Franklin Roosevelt said that “repetition does not turn a lie into the truth”, but we learned from Nazi Germany that, in the minds of a significant number of the people, it does exactly that. “Lock her up,” Trump supporters chant about Hillary, because he says she should be prosecuted for security breeches, when his own such transgressions are orders of magnitude more egregious. It is, as many have said, the post-truth era in the USA.

Social media and the internet have created a world in which we find a free-for-all of competing claims of truth, a problem exacerbated by the perhaps naive faith many of us still have that freedom of speech is central to the continuing search for truth. We want to say that free expression is necessary in such a search, but reason and rationality are getting drowned out in the cacophony of hateful and baseless (by any reasoned standard) claims of those indulging in wishful fantasies. To list a few of these: “socialism” in any form is an evil, guns should be everywhere, people with more dark pigment in their skin are intellectually inferior. I, like many liberals, and especially with the election of Obama as President, thought that these had become fringe ideas. Sadly, Trump has proven us wrong.

The irony of the times is that the seeming remedy for the grim condition of the world – free speech – might be making things worse. We like to think of free speech as one of the bedrock requirements for a free and open society – a society where truth can openly speak to power without fear of retribution, where the search for truth will flourish without interference, where facts triumph over “alternative facts.” Science and free speech go together – the one being a systematic, evidence-based search for truth, the other being the means by which facts can be transmitted to a wider audience.

But it is not science and the objective search for truth that are flourishing in this new world; it is lies. Maybe the truth can set us free, but how and where can we find it?

* * *

We are in the midst of a very serious crisis in the search for truth. Science is mocked by those who have no understanding of what it is about. Politicians talk about “my scientists and your scientists” as though science is a political enterprise. Free speech is a double-edged sword.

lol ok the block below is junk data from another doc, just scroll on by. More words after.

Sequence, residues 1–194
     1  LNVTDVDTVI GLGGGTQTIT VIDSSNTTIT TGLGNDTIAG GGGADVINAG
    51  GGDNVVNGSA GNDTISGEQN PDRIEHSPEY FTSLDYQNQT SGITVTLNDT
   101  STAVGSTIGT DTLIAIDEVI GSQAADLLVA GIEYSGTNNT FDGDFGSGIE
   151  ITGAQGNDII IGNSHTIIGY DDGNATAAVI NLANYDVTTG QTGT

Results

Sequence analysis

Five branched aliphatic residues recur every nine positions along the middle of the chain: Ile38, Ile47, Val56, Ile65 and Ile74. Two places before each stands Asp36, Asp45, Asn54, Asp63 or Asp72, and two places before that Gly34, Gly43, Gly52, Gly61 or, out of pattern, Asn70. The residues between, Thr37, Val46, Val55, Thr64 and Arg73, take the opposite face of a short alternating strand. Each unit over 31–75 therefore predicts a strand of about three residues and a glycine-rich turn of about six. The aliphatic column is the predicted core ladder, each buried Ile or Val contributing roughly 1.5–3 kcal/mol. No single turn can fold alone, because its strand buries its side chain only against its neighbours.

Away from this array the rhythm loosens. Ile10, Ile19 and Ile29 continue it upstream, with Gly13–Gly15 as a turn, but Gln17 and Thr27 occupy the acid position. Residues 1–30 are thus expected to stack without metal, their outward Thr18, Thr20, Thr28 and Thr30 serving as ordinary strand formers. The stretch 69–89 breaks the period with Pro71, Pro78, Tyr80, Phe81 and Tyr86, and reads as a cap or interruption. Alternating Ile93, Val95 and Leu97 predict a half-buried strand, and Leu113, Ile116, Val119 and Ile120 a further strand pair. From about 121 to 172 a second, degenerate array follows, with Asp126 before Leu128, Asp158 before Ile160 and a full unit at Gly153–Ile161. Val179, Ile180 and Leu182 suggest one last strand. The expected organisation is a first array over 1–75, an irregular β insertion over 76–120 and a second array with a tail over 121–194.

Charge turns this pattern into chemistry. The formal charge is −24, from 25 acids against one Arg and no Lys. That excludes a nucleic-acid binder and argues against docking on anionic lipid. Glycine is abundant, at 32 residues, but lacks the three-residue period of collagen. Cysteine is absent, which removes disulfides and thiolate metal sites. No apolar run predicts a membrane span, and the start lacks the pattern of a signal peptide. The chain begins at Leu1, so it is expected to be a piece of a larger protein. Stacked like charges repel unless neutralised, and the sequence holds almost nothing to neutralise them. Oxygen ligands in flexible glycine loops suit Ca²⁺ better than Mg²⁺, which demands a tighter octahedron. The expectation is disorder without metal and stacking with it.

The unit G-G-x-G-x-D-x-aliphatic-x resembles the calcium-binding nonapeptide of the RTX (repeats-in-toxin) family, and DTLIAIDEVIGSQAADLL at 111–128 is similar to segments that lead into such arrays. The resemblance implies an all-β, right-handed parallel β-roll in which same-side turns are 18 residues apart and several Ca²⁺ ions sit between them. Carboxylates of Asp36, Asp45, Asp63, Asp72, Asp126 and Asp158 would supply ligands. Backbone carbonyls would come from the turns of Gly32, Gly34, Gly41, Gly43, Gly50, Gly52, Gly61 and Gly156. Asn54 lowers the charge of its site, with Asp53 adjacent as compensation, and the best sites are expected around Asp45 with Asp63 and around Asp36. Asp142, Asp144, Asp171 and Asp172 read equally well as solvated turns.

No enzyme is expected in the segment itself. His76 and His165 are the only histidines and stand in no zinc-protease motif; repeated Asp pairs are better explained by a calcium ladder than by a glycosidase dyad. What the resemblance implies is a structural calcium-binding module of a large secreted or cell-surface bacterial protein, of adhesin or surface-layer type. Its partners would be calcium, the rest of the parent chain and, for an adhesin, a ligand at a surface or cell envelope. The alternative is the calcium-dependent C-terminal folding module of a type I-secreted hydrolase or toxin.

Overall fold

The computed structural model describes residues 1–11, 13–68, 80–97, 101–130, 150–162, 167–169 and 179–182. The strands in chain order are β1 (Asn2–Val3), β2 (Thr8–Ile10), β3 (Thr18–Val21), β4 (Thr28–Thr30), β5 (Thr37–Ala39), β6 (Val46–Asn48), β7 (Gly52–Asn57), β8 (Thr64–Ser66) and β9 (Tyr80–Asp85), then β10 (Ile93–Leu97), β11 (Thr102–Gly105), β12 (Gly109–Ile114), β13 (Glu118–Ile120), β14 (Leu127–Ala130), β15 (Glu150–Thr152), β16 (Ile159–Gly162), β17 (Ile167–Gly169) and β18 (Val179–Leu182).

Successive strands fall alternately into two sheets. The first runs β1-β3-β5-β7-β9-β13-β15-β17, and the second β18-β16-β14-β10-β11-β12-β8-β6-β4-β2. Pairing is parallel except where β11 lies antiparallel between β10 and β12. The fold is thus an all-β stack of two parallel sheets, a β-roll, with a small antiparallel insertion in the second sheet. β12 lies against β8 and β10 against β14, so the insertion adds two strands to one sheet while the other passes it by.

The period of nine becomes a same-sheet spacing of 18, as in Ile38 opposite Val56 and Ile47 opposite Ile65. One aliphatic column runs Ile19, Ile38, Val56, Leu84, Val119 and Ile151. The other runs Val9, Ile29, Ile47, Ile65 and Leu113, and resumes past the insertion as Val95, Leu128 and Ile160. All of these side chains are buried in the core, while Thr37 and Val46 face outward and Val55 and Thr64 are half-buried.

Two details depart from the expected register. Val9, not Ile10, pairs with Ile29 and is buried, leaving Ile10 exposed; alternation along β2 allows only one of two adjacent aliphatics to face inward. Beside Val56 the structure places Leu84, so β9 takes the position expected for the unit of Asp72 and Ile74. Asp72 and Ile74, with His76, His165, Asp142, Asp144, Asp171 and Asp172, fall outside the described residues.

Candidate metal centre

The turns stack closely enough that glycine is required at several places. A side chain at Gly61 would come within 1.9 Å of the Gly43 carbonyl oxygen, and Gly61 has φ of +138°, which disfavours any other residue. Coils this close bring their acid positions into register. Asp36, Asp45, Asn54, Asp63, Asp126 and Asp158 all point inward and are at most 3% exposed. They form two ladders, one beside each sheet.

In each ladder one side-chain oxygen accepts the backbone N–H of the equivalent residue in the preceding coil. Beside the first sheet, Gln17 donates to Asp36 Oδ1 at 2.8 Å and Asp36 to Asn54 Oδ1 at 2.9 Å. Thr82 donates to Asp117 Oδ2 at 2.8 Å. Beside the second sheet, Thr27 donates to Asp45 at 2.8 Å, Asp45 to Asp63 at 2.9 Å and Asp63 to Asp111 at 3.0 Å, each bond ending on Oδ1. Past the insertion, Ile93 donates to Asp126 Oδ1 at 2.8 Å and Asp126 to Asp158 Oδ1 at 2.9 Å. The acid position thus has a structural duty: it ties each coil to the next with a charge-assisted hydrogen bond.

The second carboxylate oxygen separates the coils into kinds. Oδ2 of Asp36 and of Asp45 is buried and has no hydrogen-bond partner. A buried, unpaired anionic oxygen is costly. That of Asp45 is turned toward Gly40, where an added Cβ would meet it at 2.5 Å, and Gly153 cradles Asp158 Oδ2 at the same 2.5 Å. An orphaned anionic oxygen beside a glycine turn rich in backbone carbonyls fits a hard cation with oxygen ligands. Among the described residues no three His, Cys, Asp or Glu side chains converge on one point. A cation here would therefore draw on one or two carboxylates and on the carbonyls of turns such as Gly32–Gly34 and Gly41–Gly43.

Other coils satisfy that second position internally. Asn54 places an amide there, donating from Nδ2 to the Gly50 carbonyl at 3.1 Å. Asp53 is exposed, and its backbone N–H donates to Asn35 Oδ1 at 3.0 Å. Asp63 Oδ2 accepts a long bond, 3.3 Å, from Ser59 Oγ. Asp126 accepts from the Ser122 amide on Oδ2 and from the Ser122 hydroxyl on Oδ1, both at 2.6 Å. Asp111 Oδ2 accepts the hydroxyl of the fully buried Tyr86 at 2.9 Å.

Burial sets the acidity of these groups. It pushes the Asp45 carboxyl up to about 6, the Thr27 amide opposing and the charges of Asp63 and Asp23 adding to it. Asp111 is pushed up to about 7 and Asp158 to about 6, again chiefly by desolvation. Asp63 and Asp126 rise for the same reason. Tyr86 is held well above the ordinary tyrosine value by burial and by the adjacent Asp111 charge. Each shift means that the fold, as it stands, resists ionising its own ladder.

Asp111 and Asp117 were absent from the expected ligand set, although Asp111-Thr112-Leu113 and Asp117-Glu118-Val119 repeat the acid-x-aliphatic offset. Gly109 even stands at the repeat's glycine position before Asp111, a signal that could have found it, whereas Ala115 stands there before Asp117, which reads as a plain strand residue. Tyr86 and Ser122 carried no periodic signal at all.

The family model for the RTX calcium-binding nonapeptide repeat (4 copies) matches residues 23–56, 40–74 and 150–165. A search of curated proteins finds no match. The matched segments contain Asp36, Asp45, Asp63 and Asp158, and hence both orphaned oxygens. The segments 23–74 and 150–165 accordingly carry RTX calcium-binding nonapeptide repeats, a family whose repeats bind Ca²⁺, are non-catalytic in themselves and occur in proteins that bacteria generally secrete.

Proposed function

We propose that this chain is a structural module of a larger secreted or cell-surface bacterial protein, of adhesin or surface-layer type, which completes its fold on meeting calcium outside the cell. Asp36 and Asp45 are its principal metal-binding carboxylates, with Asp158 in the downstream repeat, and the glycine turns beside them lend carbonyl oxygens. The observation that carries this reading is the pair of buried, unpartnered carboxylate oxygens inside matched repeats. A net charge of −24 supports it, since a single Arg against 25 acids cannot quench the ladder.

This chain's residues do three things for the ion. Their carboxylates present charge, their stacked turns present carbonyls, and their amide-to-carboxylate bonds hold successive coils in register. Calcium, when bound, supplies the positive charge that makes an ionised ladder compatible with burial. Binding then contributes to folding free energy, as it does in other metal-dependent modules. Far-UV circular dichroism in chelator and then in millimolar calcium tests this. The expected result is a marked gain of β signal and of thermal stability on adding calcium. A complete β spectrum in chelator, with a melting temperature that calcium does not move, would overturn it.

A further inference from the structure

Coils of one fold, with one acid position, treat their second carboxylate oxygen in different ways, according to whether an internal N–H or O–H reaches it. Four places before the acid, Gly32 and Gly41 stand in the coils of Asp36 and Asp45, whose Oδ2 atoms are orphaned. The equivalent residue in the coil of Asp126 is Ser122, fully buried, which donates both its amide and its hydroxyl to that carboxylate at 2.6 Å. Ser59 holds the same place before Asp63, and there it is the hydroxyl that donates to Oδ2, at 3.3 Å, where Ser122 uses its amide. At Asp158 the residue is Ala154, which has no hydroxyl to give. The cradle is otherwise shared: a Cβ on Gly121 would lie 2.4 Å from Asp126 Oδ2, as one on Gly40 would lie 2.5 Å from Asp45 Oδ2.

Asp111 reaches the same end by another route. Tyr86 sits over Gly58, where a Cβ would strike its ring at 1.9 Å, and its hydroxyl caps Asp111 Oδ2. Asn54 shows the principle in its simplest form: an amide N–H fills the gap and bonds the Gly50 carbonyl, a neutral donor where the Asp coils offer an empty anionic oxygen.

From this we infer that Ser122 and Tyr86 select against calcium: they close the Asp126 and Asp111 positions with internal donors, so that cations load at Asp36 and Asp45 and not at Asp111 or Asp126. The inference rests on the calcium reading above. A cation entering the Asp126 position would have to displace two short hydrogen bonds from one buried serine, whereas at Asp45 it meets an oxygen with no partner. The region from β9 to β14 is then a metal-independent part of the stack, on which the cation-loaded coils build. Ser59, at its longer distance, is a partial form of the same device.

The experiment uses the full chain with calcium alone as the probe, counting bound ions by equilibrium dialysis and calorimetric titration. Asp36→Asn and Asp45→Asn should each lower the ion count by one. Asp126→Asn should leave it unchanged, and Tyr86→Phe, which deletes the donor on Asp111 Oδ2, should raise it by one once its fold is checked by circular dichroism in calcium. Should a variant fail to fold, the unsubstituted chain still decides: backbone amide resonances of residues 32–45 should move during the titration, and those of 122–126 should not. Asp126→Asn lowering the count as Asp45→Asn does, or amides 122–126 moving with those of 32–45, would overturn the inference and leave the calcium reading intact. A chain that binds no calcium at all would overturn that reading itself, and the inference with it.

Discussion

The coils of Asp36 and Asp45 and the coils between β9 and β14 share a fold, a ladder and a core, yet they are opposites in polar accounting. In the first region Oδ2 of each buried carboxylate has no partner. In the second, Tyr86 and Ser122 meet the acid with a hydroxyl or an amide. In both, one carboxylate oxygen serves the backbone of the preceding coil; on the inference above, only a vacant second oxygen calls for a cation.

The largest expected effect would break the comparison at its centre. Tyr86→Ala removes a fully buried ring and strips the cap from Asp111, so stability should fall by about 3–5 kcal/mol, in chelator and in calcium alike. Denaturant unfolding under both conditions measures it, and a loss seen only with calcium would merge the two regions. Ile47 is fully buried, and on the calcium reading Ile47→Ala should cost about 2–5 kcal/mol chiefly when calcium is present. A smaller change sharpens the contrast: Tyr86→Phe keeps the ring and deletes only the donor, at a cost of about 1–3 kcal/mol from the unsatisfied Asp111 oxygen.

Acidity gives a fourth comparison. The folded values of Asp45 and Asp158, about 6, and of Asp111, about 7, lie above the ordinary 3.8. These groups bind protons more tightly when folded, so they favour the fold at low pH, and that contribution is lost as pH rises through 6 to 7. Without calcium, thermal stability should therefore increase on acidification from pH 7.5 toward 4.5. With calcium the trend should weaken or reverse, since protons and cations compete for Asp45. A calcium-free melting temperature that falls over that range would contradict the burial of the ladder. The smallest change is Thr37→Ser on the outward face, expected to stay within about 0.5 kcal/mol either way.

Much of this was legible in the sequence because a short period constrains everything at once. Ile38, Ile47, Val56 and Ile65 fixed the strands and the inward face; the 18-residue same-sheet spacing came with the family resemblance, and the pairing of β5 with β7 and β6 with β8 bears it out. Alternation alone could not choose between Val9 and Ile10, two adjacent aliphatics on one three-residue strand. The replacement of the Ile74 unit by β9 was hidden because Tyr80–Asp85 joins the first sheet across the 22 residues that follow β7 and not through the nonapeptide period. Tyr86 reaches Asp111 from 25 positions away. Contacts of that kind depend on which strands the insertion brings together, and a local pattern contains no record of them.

Debates about free speech are raging perhaps as never before, with doubts and reservations being expressed even by those who in earlier times would have been champions of the idea.

We offer no solution to this thorny problem, but present here some different perspectives on the matter, which if not leading to resolutions at least can help us understand the complexity of the issues. Gwyneth Evans writes about the problem of speaking truth to power, as revealed in perhaps the greatest of all works of drama – King Lear. Trudy Govier explores the difficult issue of cultural appropriation – should we be free to adopt the voice of other cultures? Clifford Orwin writes about the distressing apparent opposition to free speech on our university campuses; Ian Bushfield argues that some of this is justified. ffinlo Costain explains why, in a complex world full of conflicting ideologies, we do not have the luxury of interacting in an unmodulated fashion. James Alcock discusses the ongoing and corrosive problem of propaganda, observes how Trump is closely following Hitler’s playbook, and shows how our predilection for free speech makes us vulnerable to demagogues.

We offer no definitive conclusions, but hope the articles here will help readers reach a deeper understanding of the complexities involved in free speech discussions, as they helped me do so.

– Gary Bauslaugh